Escrivá matures the pension reform in the face of skepticism from social agents
“When the proposal is sufficiently mature, which it is not yet, it will be presented to the social agents.” This will happen soon, although not immediately. In the Ministry headed by José Luis Escrivá They are working against the clock and rushing deadlines to carry out the second part of the pension reform. This should be approved before December 31 in order to enter into force next year and fulfill the commitment with Brussels in the Recovery, Transformation and Resilience Plan (PRTR).
Sources from the Department of Inclusion, Social Security and Migrations explain that the way to prepare the new battery of measures is far from how they worked in the previous phase, which served to re-link pensions to the CPI by law and that repealed the factor of sustainability approved by the Government of Mariano Rajoy in 2013 to replace it by the Intergenerational Equity Mechanism (MEI). This mechanism, which will operate as of January 1, 2023, will make it possible to endow the Reserve Fund for the first time in more than a decade with 2,793 million euros.
The pending measures
They are collecting proposals to put a paper on the table that “collects all sensitivities”, but they are doing it with absolute discretion, trying to avoid brawls and fanfare that could cloud the process. They assure that there are significant changes and issues that are still being debated, but all in the background until the negotiation starts as such. From this phase it is expected that the Executive will give the green light to the modification of the calculation period (an increase in the number of years worked that will compute to set the pension is planned) or the increase in maximum contribution bases. Two changes that arouse suspicion among the social agents and the government partners of United We Can.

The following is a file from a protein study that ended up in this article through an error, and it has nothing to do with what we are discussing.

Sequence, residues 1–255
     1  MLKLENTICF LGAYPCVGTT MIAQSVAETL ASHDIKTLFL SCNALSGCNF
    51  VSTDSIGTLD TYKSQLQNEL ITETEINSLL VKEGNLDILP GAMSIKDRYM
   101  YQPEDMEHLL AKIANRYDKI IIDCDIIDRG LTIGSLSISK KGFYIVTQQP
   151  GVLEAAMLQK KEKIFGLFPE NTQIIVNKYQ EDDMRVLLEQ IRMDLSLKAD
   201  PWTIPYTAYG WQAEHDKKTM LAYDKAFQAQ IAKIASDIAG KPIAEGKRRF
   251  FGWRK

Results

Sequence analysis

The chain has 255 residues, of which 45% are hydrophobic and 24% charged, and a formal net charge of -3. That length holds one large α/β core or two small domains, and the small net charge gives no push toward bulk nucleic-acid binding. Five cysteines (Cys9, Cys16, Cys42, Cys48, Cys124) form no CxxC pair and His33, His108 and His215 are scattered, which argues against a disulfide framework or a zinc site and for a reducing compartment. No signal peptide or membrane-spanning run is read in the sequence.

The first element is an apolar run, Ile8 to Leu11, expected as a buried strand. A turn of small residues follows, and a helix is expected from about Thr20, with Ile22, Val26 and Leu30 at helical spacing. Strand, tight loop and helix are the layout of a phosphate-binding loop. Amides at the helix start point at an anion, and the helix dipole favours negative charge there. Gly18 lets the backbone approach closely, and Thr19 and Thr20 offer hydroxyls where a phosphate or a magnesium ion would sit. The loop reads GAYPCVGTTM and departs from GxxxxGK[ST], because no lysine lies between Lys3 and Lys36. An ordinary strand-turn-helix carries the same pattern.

The Ministry is also studying modifying partial and active retirement, as Escrivá himself recently acknowledged. The objective is to take some pressure off the System, especially in the coming decades (especially between 2048 and 2050, when financial stress will be maximum due to the retirement of the majority of workers from the ‘baby boom’ generation). All these measures are forming part of the preliminary talks with unions and employers and, according to the same sources, the fact that nothing is transcending to date implies that the philosophy that has been applied on this occasion -that of not working with preset proposals- is giving results.
Currently spending on pensions is equivalent to 12% of GDP and that percentage could skyrocket to 15.5% in 2050, according to calculations by the Ministry of Social Security.
Social agents are more skeptical and have come to doubt that the reform will be ready in time and form. The unions are concerned about the complexity of the issues that the Government left pending for the final stretch of the year due to tight times. Also, that the Executive has not presented detailed or firm proposals so far, something that the employers also regret. This fact and the fact that the negotiation and the reform itself have been ‘cut into pieces’ have been widely criticized by the representatives of the workers and employers.
The CCOO leader, Unai Sordo, warned on Wednesday from Ceuta that the agreement is not as close as “some want to move”. From his point of view, this should revolve around a structural improvement in Social Security income, which would involve unlocking the maximum contribution bases so that higher wages contribute more to the system. This measure should be complemented with a progressive improvement of maximum pensions in the future.
And the skepticism of unions and employers is also due to the fact that neither one nor the other is convinced by the measures applied in the first section of the reform. In this regard, Minister José Luis Escrivá has been emphasizing that the decisions adopted to date give “certainty” to pensionerswho maintain their purchasing power in an environment of strong volatility and very high inflation – to whose negative effects they are more sensitive than other groups of the population.
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